Early next month, for example, I shall be travelling to Rennes to cover the TransMusicales festival: a kind of nursery for upcoming global artists. The likes of Björk, Portishead and Amadou & Mariam have used it over the years as a stepping stone to a bigger stage. With accommodation and travel paid, plus customary pittance for the final product, it bolsters my self-belief. So I've said affirmative of course, but the whole of France will be going on strike on the 5th, the day after I travel and I don't know whether there's any prospect of getting home. Besides, at my age, the thought of all that hanging around waiting for bands to perform has rather lost its glamour. The one band I really want to see – the Minyo Crusaders from Japan, a huge outfit that plays traditional Japanese music with salsa instrumentation – won't be on stage till 5.30 in the morning. I did that once in Den Haag when I was a lot younger, for heroes of jazz rather than unknowns, back in 1986 or whenever it was, and it nearly killed me.

Anyway, my wife eventually decided that she would follow the American woman's advice. She tried it out the other day at the end of a Skype session with a client. Asked what her fee was, Debs quoted the new fee. No humming and hahing, no justifications, just a bare-faced statement of fact. The client took the hit without a murmur. I guess it's the phenomenon of high-end retail: a customer seeking quality will sniff at anything too cheap. The moral being: if you don't value yourself, who else will?   

So the Good Wife is raising her prices: for one-to-one sessions and for training courses. After all, women in particular – and I'm sure I don't risk the wrath of #MeToo for suggesting such a thing – will think nothing of paying good money to sort their hair out. Isn't it reasonable to expect to pay an equivalent to someone who helps them sort their lives out? We shall see. Will her protégé – her amanuensis, as the peerless W.C. Fields might have described her – now have all the clients and the all the work that she can cope with? Will my wife have priced herself out of the market? Will we be able to pay the mortgage right up until April, '21, when the place becomes ours?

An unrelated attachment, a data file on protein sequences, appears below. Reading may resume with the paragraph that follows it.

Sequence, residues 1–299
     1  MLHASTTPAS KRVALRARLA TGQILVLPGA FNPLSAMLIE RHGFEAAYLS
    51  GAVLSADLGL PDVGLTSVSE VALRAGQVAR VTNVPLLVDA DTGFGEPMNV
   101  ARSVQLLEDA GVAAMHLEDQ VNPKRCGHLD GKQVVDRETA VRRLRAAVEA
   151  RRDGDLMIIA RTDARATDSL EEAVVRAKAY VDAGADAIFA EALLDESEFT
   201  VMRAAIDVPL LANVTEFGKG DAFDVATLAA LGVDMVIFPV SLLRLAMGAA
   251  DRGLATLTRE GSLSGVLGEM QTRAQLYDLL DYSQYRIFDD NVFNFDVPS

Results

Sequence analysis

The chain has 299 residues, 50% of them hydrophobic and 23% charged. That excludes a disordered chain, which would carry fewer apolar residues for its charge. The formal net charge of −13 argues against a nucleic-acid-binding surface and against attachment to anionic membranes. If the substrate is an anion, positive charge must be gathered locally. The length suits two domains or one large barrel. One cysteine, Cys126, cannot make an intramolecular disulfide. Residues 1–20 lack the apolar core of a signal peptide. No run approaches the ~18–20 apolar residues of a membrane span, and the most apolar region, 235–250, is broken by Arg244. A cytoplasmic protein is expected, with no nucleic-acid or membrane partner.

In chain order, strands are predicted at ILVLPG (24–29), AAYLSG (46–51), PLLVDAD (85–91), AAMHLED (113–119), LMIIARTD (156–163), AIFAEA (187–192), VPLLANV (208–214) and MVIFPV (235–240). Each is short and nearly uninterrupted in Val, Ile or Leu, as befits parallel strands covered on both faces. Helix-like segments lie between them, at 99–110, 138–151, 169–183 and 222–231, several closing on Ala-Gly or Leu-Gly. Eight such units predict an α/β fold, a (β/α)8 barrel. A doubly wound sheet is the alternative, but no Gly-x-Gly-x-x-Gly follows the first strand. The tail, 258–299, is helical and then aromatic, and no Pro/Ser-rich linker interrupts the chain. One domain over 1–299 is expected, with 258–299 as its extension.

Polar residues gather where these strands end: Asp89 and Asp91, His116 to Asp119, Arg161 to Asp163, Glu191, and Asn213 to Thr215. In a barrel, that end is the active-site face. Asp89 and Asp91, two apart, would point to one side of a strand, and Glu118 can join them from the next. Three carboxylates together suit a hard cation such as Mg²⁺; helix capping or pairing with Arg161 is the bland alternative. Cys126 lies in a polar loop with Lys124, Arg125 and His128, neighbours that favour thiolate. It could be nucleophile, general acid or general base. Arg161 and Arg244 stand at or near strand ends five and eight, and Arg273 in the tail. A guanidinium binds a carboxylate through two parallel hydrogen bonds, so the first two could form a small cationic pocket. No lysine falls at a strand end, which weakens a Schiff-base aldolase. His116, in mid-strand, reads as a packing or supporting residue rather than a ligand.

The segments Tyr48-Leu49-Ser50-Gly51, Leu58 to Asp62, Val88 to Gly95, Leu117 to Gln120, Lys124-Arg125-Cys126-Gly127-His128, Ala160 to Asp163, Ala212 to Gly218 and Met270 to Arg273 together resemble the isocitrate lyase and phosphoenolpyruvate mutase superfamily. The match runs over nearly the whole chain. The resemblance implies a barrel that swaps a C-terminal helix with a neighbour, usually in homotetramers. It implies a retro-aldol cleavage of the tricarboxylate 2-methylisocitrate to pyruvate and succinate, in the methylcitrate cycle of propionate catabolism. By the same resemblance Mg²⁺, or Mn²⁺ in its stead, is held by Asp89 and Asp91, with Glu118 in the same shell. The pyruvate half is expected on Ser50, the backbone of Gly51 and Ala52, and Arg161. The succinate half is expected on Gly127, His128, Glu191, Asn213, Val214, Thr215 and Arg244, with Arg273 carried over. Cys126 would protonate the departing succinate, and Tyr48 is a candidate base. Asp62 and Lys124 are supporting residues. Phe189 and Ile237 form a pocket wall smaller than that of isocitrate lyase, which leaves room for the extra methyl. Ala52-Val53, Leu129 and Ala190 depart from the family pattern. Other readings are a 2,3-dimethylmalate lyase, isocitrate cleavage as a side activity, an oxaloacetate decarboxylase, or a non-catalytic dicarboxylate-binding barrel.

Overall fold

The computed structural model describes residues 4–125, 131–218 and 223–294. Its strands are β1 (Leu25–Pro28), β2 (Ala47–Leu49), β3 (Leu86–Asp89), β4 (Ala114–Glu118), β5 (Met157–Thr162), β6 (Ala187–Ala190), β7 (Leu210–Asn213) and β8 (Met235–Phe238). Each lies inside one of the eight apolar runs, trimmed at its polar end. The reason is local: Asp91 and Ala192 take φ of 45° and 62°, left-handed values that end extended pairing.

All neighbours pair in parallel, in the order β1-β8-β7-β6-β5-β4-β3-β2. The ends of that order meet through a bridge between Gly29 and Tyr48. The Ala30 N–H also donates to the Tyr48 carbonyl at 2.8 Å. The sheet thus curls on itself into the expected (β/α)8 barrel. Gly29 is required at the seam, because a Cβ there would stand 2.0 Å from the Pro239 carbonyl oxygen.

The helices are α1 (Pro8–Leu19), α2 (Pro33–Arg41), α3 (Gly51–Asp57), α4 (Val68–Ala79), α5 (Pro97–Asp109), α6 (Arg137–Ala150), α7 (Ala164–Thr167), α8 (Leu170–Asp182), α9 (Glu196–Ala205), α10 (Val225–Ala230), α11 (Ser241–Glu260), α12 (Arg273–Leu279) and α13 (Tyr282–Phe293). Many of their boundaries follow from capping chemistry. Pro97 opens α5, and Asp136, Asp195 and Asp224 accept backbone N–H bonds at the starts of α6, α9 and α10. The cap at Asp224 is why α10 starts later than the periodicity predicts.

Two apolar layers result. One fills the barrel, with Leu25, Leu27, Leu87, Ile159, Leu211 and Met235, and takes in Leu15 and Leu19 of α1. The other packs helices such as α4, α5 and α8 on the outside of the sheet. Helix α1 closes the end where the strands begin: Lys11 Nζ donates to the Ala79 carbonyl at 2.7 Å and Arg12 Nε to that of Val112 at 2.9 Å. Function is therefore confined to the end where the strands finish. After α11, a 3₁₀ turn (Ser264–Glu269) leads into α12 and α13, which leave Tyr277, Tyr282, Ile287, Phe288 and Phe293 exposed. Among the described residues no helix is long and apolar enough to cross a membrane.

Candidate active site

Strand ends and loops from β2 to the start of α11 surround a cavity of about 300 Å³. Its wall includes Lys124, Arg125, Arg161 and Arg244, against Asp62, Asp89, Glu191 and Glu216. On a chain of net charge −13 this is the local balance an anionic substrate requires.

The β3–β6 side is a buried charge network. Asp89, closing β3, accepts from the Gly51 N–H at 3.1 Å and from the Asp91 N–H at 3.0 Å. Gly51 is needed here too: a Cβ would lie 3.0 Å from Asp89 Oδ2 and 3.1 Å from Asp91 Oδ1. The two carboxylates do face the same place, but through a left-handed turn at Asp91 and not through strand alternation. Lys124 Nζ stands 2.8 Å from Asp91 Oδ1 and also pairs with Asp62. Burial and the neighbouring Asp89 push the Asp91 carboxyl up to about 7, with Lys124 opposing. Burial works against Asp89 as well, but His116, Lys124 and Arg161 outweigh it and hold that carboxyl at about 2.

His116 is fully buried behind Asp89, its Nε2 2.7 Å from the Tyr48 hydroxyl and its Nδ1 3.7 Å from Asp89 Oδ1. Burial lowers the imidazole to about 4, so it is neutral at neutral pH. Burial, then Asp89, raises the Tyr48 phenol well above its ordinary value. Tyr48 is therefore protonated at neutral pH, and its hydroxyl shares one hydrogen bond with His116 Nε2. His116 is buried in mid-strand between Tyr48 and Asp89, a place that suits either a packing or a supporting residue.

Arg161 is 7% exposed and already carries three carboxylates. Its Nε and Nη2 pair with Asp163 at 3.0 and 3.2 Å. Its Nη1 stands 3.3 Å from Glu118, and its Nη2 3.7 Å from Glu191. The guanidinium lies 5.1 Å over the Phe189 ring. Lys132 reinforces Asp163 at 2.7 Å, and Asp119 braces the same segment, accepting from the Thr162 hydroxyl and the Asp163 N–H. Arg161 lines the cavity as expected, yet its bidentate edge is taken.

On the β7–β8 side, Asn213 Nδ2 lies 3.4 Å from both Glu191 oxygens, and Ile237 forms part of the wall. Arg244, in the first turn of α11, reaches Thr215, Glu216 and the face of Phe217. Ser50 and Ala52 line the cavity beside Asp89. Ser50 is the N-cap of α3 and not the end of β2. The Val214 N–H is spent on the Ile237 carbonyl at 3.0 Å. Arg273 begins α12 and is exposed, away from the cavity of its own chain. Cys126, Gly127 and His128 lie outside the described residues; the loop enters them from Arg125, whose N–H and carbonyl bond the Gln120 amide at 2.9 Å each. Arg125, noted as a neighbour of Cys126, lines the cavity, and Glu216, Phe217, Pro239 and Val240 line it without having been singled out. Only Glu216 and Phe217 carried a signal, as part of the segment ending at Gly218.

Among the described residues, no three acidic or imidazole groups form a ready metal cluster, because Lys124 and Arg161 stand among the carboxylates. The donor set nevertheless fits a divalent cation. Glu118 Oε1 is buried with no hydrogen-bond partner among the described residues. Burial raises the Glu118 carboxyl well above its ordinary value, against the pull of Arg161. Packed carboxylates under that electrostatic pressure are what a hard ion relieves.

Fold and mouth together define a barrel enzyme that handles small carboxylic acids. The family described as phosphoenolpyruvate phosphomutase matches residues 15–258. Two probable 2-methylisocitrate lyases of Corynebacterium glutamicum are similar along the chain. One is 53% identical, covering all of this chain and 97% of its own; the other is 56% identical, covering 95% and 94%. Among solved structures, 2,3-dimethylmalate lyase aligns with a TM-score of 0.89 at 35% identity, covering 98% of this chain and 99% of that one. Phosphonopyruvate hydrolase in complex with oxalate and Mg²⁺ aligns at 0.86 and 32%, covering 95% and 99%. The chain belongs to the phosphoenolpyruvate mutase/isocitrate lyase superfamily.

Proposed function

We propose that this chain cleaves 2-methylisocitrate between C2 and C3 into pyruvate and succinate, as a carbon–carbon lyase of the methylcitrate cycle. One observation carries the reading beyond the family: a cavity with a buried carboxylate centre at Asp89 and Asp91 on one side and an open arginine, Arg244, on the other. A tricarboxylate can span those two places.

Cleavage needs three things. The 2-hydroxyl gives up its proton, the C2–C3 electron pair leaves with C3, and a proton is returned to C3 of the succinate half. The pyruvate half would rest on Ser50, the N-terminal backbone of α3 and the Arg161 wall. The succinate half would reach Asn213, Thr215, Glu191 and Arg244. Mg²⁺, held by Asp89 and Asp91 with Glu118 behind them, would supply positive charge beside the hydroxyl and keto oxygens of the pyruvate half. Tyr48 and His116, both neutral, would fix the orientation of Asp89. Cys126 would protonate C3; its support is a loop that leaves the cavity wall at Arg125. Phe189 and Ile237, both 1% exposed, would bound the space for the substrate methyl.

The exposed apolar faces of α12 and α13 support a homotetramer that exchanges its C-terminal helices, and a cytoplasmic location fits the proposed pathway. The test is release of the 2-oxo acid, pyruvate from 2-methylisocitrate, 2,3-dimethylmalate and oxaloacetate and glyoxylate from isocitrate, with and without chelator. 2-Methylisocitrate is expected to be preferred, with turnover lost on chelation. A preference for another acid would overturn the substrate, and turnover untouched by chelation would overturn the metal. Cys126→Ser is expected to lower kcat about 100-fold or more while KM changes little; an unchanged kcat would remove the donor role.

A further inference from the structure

I don't know, but I'm happy to ferry valuable, limping cargo from here to Brive and back again for as long as it takes for a broken digit to mend to find out the answers. The role of part-time chauffeur will help to build my portfolio of domestic duties and justify my limbo-like existence. What did I do to be so slack and askew?

Thursday, October 24, 2019

Barry 'n' Bergman

A riveting documentary on Ingmar Bergman the other evening taught us that his name is pronounced Beer-man by his fellow Swedes. It was shown as part of a double bill with The Seventh Seal, which I haven't seen for decades. Perhaps not since the Exeter University film club, where I'd go to late-night noisy projections of classics with my friend Jacqui, who'd promptly fall asleep soon after the lights were dimmed. I'm looking forward to seeing the film again; this time on a sofa with The Good Wife (a potential film title there that Beer-man overlooked), who'll probably fall asleep after 20 minutes or so. After 25 minutes, I'll probably give up nudging her and carry on regardless.

In fact, we both drifted off momentarily during the documentary, but then Beer-man does that to you. His generally dark, despairing and strangely hypnotic films are not necessarily enjoyable, but always compelling. Rather like the man himself, it would seem, whose films are essentially about himself. Learning this made me feel a little better about writing essentially about my own life. Stick to what you know, they say – and living as I do in splendid isolation, who or what else do I really, really know?

Not that I would compare myself in any shape or form to Beer-man – thank the Norse gods. The man was driven and utterly ruthless. He neglected his wives and his children in pursuit of his art. He suffered constantly with stomach ulcers and such like and was never what you would describe as happy or content. And yet one of his wives, the actress Liv Ullman, still spoke of him through her tears with the utmost fondness. The paradox, I suppose, of great artists: you can't live with 'em, but you can't live without 'em. 

The gloomy one's output was certainly prodigious. In 1957 alone, we learnt, he made two unalloyed masterpieces, The Seventh Seal and Wild Strawberries, and produced four stage plays. How is that humanly possible? No wonder he had ulcers. He – and some of those around him, it seems – paid quite a price for his immortality.

I'm rather glad that my father, John Barry Sampson, bears no resemblance to Beer-man. He might behave at times with old-age hauteur, but at least he remembers the names of his progeny. Remarkably compos mentis for one so ancient, he can still dredge up details of films and big-band jazz. His longevity is totally unexpected. Given his long-term heart condition, the only reason he got to be 92 is surely his almost Dickensian indolence. He is the very model of the world's laziest man. Dickens would have depicted him sitting in an armchair by a fire, sporting a smoking jacket and one of those brimless hats worn by the likes of Sean O'Casey. The Ageing P incarnate, receiving a succession of solicitous offspring.